2. At the beginning of the trial the district attorney moved to sever the case against the husband. The fourth enumeration of error is based upon alleged concealment of false testimony which was allegedly given by the husband witness after severance of his case and who thereafter obtained a nolle prosequi. The district attorney had advised this principal witness' counsel that he was going to call this defendant as a witness and that "he was going to nolle pross [sic] the case against him, because there was not enough evidence to sustain a conviction." Had defense counsel known of this understanding he would have had a right to show there had been a promise of immunity or favorable treatment to this witness and to comment on it during the trial. The fact that the district attorney had such an understanding with the principal witness' counsel was not disclosed until the motion for new trial was considered. Of course, the testimony of the witness was not necessarily shown to be false, since this witness may not have been aware of the understanding between the district attorney and his attorney at the time he testified. But in Allen v. State, 128 Ga. App. 361 (196 SE2d 660), where there is evidence of an understanding or agreement as to the future prosecution of an accomplice, on whose testimony the state's case almost entirely depends, such evidence is relevant to this accomplice's credibility as a witness, and the jury is entitled to know of it; "the prosecutor has a duty to disclose it; and the failure to make this disclosure violates due process and requires the reversal of the conviction and a remand for new trial." We are bound by the ruling in the Allen case. This evidence was withheld from the jury, and the district attorney should have advised the court that he had decided to enter a nolle prosequi as to the accomplice who was his principal witness in this case. The fourth enumeration of error is therefore meritorious, requiring a new trial.
3. Enumeration of error No. 9 complains of a charge that slight evidence is sufficient corroboration of the accomplice to support a verdict because it fails to further state that it must be sufficient when considered with the other evidence to satisfy the jury beyond a reasonable doubt as to the defendant's guilt. It is noted that in Chapman v. State, 109 Ga. 157 (4) (34 SE 369), a charge that "slight evidence that the crime was committed by the defendant and identifying him with it will corroborate the accomplice and warrant a finding of guilty," should have also instructed the jury (see page 165), "that such corroboration, whether in their [jury] opinion slight or strong, considered in connection with the other evidence, should be sufficient to satisfy the jury of the guilt of the accused beyond a reasonable doubt." The jury should understand fully that it is a question for the jury to determine whether the evidence corroborating the accomplice's testimony, together with the other evidence is sufficient to convince them beyond a reasonable doubt of the defendant's guilt. See Evans v. State, 222 Ga. 392, 395 (150 SE2d 240); Birt v. State, 236 Ga. 815 (2) (225 SE2d 248). This enumeration of error is likewise meritorious requiring a new trial.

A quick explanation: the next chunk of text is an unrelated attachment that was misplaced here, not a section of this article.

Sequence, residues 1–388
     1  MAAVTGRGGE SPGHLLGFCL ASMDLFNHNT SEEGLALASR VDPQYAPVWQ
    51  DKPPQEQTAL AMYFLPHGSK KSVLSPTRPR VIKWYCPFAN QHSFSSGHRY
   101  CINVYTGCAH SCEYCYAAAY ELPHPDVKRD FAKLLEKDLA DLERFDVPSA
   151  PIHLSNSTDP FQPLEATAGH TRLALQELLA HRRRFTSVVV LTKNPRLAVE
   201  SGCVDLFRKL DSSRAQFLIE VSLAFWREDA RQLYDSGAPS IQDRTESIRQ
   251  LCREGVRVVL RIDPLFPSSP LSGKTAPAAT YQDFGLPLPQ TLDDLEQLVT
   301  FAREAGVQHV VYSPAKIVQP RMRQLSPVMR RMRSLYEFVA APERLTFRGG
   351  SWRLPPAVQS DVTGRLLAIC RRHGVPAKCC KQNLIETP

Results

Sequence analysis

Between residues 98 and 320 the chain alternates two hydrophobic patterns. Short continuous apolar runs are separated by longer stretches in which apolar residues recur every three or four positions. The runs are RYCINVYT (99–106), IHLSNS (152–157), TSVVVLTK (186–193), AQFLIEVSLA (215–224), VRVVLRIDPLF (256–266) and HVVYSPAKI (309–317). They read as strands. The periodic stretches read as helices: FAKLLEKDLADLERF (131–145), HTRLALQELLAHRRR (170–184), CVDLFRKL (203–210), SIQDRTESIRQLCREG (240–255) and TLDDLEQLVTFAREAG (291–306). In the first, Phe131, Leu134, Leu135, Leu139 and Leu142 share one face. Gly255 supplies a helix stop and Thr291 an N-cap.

4. All other enumerations of error are deemed abandoned and no further discussion of same is required.
Joseph H. Briley, District Attorney, for appellee.
Larsen & Lewis, Francis M. Lewis, W. W. Larsen, Jr., for appellants.
Friday May 22 06:43 EDT